|2. Zoning for Aesthetics
Zoning for aesthetic rcasons is generally permissible in New Hampshire. In Carlson's Chrysler v. City of Concord, 156 N.H. 399 (2007) , the Court upheld the City's sign ordinance which prohibited moving signs against the plaintiff's First Amendment challenge. Recognizing the valid municipal purpose of the ordinance to maintain public safety as well as "maintain and enhance the appearance and aesthetic environment of the City", the Court held that it was not necessary for the City to "provide detailed proof that the regulation advances its purported interests or safety and aesthetics." Id. at 404. The Court concluded by unequivocally explaining that "a municipality may exercise its zoning power solely to advance aesthetic values because the preservation or enhancement of the visual environment may promote the general welfare." Id.
An ordinance prohibiting back-lit illuminated signs was also upheld in Asselin v. Town of Conway, 137 N.H 368 (1993) after a challenge by the plaintiffs that the State enabling act did not authorize an aesthetic-based ordinance. The Court disagreed, affirming as valid the purpose of the ordinance "to promote aesthetic values, include preserving scenic vistas, discouraging development from competing with the natural environment, and promoting the character of a 'country community.'" Id. at 371. The Court explained that "the State zoning enabling act grants municipalities broad authority to pass zoning ordinances for the health, safety, morals, and general welfare of the community. Id. As such, the Court held, "municipalities may validly exercise zoning power solely to advance aesthetic values, because the preservation or enhancement of the visual environment may promote the general welfare." Id. at 371-72.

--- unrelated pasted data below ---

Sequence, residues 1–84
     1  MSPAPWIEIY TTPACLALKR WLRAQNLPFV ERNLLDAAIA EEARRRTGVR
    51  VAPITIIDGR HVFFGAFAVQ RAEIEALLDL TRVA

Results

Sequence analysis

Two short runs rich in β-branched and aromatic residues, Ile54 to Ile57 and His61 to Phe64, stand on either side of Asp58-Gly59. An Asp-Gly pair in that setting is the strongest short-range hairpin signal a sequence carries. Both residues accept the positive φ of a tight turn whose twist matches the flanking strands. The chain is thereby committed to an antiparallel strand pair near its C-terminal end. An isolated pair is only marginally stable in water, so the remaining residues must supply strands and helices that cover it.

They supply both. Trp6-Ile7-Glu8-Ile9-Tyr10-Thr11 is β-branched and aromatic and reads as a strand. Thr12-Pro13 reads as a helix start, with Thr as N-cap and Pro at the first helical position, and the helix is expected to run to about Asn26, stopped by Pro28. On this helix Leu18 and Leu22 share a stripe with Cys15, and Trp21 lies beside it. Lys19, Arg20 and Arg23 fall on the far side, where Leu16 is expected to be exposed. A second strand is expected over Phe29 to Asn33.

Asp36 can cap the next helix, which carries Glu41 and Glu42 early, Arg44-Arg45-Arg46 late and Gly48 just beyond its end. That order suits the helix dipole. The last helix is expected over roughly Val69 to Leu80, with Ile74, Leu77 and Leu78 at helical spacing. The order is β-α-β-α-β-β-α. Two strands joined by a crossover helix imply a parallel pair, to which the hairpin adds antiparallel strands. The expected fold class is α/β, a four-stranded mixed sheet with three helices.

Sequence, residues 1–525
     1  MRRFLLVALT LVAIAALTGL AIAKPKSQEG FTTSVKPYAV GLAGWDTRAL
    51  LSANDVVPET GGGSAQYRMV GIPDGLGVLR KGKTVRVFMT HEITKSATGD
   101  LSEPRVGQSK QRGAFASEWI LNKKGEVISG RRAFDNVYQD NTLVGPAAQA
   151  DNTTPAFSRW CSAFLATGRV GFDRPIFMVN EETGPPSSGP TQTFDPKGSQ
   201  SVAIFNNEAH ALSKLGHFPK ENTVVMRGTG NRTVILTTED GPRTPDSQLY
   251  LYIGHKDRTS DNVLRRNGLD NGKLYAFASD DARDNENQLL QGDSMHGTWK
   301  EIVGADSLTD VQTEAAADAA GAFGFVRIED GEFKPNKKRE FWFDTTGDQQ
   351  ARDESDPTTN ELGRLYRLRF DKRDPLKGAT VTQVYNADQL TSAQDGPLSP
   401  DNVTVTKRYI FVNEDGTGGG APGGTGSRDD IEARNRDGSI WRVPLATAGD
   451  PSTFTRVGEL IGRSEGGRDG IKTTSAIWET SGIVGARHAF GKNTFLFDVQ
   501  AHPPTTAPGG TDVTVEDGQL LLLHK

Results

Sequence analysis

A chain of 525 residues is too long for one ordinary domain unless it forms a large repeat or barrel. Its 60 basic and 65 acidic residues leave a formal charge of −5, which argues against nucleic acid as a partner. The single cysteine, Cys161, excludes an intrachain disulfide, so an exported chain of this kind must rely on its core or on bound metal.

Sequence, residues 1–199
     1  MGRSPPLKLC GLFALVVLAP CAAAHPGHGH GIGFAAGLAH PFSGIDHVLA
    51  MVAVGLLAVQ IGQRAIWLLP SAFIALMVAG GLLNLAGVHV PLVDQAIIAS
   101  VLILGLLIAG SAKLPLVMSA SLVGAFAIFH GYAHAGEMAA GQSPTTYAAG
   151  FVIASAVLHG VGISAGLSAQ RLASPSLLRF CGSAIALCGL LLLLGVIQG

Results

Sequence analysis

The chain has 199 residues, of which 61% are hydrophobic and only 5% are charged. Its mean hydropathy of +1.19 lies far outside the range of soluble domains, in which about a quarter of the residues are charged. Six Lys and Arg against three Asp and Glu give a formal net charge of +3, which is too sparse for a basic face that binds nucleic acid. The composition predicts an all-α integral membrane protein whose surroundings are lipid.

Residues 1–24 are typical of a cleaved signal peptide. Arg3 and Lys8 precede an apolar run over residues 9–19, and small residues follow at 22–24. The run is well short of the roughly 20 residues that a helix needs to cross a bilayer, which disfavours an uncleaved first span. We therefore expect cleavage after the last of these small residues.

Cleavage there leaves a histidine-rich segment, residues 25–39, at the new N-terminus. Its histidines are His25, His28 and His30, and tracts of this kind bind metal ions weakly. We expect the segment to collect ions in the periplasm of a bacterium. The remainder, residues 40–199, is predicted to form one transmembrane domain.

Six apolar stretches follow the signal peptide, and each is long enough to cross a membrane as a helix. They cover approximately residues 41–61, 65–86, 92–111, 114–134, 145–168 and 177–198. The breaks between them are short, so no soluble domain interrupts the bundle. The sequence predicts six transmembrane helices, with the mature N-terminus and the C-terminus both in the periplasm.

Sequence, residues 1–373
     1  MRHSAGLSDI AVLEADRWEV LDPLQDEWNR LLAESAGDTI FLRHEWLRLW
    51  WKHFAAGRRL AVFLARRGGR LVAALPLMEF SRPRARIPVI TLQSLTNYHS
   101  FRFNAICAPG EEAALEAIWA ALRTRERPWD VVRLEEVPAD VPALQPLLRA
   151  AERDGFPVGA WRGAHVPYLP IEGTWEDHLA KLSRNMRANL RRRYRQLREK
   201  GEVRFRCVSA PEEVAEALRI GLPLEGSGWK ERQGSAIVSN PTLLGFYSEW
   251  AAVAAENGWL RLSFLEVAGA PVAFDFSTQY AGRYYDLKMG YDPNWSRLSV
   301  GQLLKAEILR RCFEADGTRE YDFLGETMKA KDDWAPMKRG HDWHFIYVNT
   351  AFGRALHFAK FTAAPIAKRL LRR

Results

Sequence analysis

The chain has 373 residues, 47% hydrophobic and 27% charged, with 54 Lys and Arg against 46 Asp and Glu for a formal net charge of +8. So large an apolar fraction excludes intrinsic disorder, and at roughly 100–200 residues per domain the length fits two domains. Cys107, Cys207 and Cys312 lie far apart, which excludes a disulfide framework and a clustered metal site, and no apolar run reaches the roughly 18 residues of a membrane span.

From Part III, Section C. of Innovative Land Use Controls: Reexamining Your Zoning Ordinance, NHMA Law Lecture #3, Fall 2012 by Attorney Keriann Roman, Drummond, Woodsum & MacMahon and Christopher G. Parker, AICP, Director of Planning & Community Development, City of Dover.